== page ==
Academic journal article Journal of the Evangelical Theological Society

Do We Act as If We Really Believe That "The Bible Alone, and the Bible in Its Entirety, Is the Word of God Written?

Academic journal article Journal of the Evangelical Theological Society

Do We Act as If We Really Believe That "The Bible Alone, and the Bible in Its Entirety, Is the Word of God Written?

Article excerpt

(FOREIGN TEXT OMITTED . . . )

I. INTRODUCTION

Do we act as if we really believe that "the Bible alone, and the Bible in its entirety, is the Word of God written"? I am quoting, of course, from our ETS doctrinal statement that each of us affirms by personal signature every year. That statement is based on and rightly derived from passages of Scripture such as 2 Tim 3:16, "All Scripture is . . . (`God-breathed')," and, as such, it all shares the characteristic of being the very words of God.

But do we ponder the implications of this stupendous affirmation? We are saying that throughout the entire history of the world, and throughout at) written documents of all civilizations, the eternal, omnipotent Creator of the universe, the God who will one day judge every human being who has ever lived-this God who is over all has given the human race just one collection of his written words: This book. The Bible.

The Bible alone is the Word of God written. There are no other written words of God anywhere else in the entire world. And the Bible in its entirety is the Word of God written. Every single bit of this book in the original documents has a fundamentally different character from every other bit of writing in the entire world.

Now do we act as if we really believe this, that "the Bible alone, and the Bible in its entirety, is the Word of God written"? In many ways, we do. We write commentaries by the hundreds, massive commentaries. I picked up Greg Beale's commentary on Revelation) the other day in the bookstore and wondered if they were going to sell it by the pound. We produce Bible translations, many very good translations. We require Greek and Hebrew in our seminaries because we take the Word of God seriously. We require courses in exegesis and in exegetical preaching. We require faculty members at our colleges and seminaries to hold to Biblical inerrancy.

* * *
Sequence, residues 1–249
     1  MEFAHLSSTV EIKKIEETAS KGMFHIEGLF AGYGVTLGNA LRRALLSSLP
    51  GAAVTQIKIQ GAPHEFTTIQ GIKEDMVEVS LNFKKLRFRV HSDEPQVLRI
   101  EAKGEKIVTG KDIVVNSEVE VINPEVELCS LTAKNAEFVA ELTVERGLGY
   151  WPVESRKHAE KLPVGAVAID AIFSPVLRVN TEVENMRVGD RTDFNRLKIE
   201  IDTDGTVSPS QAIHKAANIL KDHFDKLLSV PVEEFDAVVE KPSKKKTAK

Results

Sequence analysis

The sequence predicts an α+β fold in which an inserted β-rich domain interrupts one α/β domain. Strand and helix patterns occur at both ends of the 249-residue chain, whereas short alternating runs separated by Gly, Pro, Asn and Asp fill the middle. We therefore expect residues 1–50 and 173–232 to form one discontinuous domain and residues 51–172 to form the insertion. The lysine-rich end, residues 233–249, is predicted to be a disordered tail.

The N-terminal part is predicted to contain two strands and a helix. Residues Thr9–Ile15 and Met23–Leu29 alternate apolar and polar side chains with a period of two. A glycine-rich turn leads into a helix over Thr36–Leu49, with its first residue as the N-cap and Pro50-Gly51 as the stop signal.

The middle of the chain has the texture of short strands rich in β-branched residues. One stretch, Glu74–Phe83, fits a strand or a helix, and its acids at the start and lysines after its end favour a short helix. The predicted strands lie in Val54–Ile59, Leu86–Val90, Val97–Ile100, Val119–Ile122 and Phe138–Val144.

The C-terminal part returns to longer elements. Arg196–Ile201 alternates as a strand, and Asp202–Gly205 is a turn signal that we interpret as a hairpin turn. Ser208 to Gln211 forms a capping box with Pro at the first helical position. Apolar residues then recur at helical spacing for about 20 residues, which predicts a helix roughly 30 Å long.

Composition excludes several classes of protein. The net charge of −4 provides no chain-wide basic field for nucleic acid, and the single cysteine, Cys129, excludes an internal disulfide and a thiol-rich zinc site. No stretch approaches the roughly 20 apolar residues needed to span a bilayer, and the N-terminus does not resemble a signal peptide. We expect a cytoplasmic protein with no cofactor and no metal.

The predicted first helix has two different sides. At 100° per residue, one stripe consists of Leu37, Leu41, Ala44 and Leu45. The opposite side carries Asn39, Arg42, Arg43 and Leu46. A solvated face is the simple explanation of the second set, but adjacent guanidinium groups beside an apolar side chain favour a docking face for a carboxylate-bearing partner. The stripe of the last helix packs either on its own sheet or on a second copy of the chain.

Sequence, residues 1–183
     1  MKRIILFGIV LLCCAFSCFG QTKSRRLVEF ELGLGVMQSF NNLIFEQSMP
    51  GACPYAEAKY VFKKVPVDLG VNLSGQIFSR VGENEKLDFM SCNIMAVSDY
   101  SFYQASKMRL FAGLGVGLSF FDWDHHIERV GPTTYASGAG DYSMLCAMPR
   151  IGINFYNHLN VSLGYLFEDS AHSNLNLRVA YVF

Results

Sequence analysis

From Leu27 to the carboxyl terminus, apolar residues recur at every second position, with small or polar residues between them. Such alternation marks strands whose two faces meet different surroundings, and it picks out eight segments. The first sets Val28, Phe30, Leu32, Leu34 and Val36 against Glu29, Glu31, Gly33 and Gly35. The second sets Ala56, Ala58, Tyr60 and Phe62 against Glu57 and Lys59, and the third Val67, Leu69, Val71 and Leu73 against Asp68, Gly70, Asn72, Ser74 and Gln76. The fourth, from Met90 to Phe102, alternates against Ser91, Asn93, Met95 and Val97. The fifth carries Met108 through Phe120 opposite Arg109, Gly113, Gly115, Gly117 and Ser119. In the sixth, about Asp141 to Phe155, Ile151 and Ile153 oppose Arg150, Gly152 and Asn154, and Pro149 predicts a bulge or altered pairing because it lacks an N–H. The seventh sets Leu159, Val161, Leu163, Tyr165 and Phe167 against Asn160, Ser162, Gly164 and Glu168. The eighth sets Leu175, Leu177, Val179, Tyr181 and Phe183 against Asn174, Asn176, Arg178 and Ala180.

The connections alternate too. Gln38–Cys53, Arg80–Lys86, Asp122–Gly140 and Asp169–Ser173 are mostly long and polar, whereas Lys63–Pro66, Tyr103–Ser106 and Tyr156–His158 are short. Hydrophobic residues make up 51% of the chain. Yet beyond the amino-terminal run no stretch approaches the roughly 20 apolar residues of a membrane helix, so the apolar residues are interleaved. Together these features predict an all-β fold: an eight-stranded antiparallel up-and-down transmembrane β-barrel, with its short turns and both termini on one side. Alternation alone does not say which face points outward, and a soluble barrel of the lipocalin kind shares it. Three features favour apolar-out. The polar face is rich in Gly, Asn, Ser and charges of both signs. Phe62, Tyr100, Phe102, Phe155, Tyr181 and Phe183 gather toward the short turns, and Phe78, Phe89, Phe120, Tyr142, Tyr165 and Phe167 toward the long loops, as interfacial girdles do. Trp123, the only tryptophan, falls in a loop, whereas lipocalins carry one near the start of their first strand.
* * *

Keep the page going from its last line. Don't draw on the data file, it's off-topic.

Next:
The result of all of the detailed attention that we pay to the Word of God is seen in the book displays here at this conference. This is another indication of the value we place on the Word of God, for there are more Christian books available in English in the United States today than in any other culture in any other country at any other time in the history of the world. Ps 90:17 is a prayer, "Let the favor of the Lord our God be upon us, and establish thou the work of our hands upon us, yea, the work of our hands establish thou it." God has heard that prayer again and again with regard to the members of this society and their work. He has truly established the work of our hands. He has given abundant favor and blessing to our academic work, and we should be profoundly grateful.

We wouldn't do these things, we wouldn't pay so much attention to this Book, unless we really believed that "the Bible alone, and the Bible in its entirety, is the Word of God written."

But in other ways I wonder if we could do better. Yes, it is good to look back at the past 50 years and be thankful. But it is also good to look forward to the next 50 years, and to the next 100 years-to forget "what lies behind" and, as the Apostle Paul says, to "press on toward the goal" (Phil 3:13-14).

In looking ahead tonight, I don't have ten commandments, or ninety-five theses, or thirty-nine articles, or even five points that remind us of a certain flower. But I have six suggestions. Consider them with me if you will. II 1. Suggestion #1: Consider the possibility that God may want evangelical scholars to write more books and articles that tell the Church what the whole Bible teaches us about some current problem. When Paul met with the elders of Ephesus in the city of Miletus in Acts 20, he said to them, "I testify to you this day that I am innocent of the blood of all of you, for I did not shrink From declaring to you jnaav - ( . . . ), the whole counsel of God" (Acts 20:27). The implication is if he had shrunk back from declaring to them any part of the whole counsel of God, perhaps because something was unpopular or diFficult, then he could not have said, "I am innocent of the blood of all of you. …

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